Battleship Almirante Latorre crossing the Panama Canal towards Chile on January 21, 1921.

The modernizations of 1929-1931

As described above, the battleship Latorre needed repairs and the Chilean government decided it was time to modernize it, for this reason the battleship Almirante Latorre was sent to the Devonport Naval Dockyard, Plymouth, and there he was between June 1929 and March 1931. The resources spent were substantial and two-thirds of the total earmarked for acquisitions by the armed forces were invested only in the battleship Latorre, it is estimated that the final total cost came to £1,400,000.

The main modifications were the change of its propulsion plant, existing turbines were changed by impulse-reaction turbines with simple reduction gear system, three boilers were removed leaving to the ship with 18 oil-fired boilers, the coal mines were converted into oil tanks, a new Diesel generator was installed on the central turbine department, a new electro-hydraulic servomotor was installed and toured rudders and mechanisms corresponding, four bilge pumps were installed 1,000 tons; one in each boiler room and former hall A, anti-torpedo bulges were built, the modernization of fire control systems and overhaul of its primary and secondary armament, Henderson equipment was installed in control 14" armament fire, equipment was installed generators in 14" control systems and 6", an Evershed Target Indicator was installed on the 6" controller, four projectors were toured the rest was deleted, two 3-inch anti-aircraft guns were removed and replaced by two batteries of two guns (102 mm) each completely independent of each other, removed torpedo tubes, the base for the seaplane catapult was built in the Awning and, In general, a tour of all the ship’s systems, there were other modifications but these would be considered the main ones.

With the new modifications, tests were carried out in December 1930, it was possible to develop its maximum power of 56,000 SHP at 276 rpm, reaching a speed of 24 knots (44.4 km/h), the rest of the month the tests continued and the battleship returned to Chile on March 4, 1931.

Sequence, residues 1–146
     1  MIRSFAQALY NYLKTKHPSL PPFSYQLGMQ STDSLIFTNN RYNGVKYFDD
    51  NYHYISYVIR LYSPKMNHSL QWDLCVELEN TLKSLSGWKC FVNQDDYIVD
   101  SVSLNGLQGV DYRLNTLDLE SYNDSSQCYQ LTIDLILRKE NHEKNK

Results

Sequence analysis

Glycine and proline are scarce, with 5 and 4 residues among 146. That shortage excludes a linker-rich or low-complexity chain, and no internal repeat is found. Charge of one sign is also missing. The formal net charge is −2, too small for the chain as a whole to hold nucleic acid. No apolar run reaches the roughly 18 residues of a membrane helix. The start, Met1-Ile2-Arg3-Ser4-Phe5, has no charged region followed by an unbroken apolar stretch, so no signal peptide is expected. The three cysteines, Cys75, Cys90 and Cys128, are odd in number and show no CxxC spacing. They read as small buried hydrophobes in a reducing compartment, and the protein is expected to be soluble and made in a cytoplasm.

The new 102 mm guns of the Latorre

Almirante Latorre after the refit in England

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Conditioning in Chile, The seaplane catapult

While the battleship Latorre was being refitted in England, the Chilean government ordered a catapult to be built in Italy to seaplanes which was installed on the battleship on January 27, 1932 and it was tested by Mr. Cagniotto, who had designed and built it, and who corrected some very small defects. By the year 1935, Fairy IIIF Mk.III seaplanes were launched from the catapult to carry out spouting practices. Hotchkiss machine guns were also mounted in individual montages with elevations circular on the roofs of the 14" towers (two per tower). Finally, the catapult was disassembled at the end of the year 1941.

13.2 mm Hotchkiss machine guns mounted two in each turret of the battleship Latorre

Launch of a Fairey IIIF from the catapult of the Latorre Battleship

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The Almirante Latorre after refit in Chile

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The 1950’s modernizations and the end of the battleship